How to Use the Windows Firewall - dummies

By Dan Gookin

Two types of firewall are available for your computer: hardware and software. A hardware firewall is an electronic gizmo installed between the broadband router and your computer. It’s often included as part of the router. A software firewall is a program running on your PC that monitors only the Internet traffic entering and leaving your computer. Windows comes with a software firewall called, remarkably, Windows Firewall.

To access it, follow these steps:

  1. Open the Control Panel.

  2. Open the Windows Firewall window.

    • In Windows 7, choose System and Security and then choose Windows Firewall.

    • In Windows Vista, choose Security and then choose Windows Firewall.

    • In Windows XP, open the Windows Firewall icon.

You see the main Windows Firewall window. The only thing you can do in the window is activate the Windows Firewall if it’s not turned on.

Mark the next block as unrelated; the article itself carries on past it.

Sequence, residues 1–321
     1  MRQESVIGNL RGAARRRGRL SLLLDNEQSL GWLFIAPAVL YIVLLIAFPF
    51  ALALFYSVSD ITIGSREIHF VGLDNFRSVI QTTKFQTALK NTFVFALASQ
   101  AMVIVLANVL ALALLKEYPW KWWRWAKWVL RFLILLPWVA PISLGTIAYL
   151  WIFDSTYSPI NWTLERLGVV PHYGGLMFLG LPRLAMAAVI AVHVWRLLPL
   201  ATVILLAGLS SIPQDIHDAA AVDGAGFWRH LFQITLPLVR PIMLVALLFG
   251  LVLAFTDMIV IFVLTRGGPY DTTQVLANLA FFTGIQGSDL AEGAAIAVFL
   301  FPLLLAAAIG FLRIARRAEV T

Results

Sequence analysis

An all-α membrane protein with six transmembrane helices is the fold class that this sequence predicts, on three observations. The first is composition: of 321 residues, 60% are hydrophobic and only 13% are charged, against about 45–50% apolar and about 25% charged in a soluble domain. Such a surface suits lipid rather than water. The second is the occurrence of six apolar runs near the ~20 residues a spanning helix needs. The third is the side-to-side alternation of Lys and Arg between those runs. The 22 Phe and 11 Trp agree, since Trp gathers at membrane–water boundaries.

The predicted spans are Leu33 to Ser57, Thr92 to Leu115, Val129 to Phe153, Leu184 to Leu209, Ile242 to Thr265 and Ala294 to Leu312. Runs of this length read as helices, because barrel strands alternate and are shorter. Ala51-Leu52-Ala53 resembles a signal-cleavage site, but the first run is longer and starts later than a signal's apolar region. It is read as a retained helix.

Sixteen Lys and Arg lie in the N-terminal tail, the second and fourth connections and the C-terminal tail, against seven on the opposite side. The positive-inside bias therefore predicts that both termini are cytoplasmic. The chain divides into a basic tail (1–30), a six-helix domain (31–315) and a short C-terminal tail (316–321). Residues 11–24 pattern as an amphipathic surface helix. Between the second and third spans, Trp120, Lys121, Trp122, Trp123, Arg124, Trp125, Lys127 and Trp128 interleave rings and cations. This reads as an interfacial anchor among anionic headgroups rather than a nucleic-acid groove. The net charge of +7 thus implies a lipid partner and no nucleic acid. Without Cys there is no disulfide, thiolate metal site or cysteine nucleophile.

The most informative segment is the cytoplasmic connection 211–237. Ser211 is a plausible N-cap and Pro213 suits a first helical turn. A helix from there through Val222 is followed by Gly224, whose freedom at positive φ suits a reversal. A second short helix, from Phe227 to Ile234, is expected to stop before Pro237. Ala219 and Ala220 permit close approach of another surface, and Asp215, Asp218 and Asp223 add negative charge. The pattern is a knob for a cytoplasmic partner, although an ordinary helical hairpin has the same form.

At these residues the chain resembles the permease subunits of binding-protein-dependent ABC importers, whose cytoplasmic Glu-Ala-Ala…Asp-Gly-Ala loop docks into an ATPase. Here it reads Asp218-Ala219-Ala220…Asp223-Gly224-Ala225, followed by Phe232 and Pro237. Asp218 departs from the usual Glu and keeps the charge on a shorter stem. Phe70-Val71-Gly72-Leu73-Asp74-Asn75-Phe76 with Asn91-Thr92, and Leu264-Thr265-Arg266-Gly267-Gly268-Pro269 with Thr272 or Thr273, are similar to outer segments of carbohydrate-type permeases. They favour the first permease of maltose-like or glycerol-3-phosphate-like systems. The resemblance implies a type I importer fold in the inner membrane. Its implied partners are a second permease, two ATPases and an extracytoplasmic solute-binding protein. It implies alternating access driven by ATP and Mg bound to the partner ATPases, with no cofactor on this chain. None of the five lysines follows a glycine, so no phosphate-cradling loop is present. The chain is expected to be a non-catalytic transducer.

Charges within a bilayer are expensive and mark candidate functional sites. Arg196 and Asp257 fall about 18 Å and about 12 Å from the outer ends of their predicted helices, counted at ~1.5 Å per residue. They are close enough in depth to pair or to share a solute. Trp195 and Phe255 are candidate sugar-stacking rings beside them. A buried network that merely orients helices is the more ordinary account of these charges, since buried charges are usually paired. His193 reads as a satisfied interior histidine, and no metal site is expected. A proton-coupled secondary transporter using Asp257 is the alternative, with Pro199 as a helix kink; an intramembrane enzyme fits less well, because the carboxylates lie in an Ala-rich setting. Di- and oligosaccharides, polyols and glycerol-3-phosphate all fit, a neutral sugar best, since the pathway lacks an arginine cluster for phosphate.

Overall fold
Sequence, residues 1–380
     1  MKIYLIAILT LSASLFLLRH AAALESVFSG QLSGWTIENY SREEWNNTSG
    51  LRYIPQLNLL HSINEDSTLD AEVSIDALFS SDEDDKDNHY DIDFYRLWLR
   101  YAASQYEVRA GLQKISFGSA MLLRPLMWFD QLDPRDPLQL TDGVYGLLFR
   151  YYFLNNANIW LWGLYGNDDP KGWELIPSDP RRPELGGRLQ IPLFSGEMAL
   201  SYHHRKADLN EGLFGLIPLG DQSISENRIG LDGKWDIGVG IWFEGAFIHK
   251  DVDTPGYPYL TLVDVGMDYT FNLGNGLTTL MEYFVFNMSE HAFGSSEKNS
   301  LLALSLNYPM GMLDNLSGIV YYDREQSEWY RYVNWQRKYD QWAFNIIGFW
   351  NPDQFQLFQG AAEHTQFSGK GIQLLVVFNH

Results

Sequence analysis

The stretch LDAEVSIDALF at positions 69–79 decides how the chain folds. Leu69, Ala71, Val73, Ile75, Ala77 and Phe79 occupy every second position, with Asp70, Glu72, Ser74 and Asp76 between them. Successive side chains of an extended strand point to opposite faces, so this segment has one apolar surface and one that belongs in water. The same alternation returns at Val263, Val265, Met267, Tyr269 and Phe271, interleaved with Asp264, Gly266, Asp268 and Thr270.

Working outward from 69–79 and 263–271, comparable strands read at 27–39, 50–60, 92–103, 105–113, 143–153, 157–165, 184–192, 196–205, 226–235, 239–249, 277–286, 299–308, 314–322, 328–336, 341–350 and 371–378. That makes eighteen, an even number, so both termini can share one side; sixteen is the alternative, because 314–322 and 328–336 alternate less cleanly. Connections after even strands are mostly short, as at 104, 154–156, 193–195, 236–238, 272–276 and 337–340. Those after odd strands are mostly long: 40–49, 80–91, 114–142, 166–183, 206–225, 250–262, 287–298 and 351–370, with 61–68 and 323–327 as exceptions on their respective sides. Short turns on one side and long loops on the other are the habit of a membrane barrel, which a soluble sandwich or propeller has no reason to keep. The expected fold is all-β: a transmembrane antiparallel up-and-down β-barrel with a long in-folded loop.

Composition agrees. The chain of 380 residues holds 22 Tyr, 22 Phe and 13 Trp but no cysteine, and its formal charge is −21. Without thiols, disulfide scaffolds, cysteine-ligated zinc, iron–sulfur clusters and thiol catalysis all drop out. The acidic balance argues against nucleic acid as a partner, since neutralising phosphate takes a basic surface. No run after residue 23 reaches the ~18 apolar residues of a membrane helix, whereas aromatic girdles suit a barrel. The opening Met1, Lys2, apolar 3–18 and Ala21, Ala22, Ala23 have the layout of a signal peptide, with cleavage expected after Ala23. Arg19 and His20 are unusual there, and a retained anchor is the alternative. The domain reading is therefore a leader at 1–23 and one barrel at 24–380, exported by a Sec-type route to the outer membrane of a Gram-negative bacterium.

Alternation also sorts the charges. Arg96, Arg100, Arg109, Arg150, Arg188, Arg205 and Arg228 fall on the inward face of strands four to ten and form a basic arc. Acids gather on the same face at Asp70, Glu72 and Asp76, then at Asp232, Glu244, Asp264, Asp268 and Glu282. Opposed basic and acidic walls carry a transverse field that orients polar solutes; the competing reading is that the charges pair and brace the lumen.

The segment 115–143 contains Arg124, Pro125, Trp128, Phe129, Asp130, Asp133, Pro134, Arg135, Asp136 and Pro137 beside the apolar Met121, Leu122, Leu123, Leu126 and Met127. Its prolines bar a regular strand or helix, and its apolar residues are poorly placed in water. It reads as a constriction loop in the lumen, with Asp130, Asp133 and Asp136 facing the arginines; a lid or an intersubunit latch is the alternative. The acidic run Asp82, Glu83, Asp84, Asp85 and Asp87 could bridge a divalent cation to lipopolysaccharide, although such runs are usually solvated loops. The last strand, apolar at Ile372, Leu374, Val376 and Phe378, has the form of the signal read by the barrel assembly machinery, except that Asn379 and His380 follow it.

Don’t turn on Windows Firewall when you have a router on your broadband connection that also features a firewall. They may conflict with one another. At best, they will both work together, but your PC will be slower than necessary as they both try to do the same job.

When you choose to use the Windows Firewall, it monitors all network traffic coming into and going out from your PC. Any suspect information, such as information you didn’t request, is blocked automatically.

Sometimes, the Windows Firewall prompts you when it encounters something smelly. A firewall warning appears, and you’re given three options:

Ask Me Later: Access is blocked, but only once. If the same request comes through again, you see the warning again.

Keep Blocking: Access is blocked and continues to be blocked.

Unblock: Access is allowed. Choose this option when you recognize the program making the request and everything is okay. Pat Windows Firewall on the head for being diligent.

Always choose the Keep Blocking option when you don’t recognize the program or service making the request.

  • Other software firewalls out there are better and more thorough than the Windows Firewall. If you have purchased an Internet security suite, you may find a software firewall included.

  • You don’t need to use the Windows Firewall, or any software firewall, when your computer sits on a network behind a hardware firewall. Running redundant firewalls doesn’t keep your PC any safer, but it does unnecessarily slow down the system.

  • Software firewalls are often a cause of network woe; they often prevent you from accessing other computers on your network.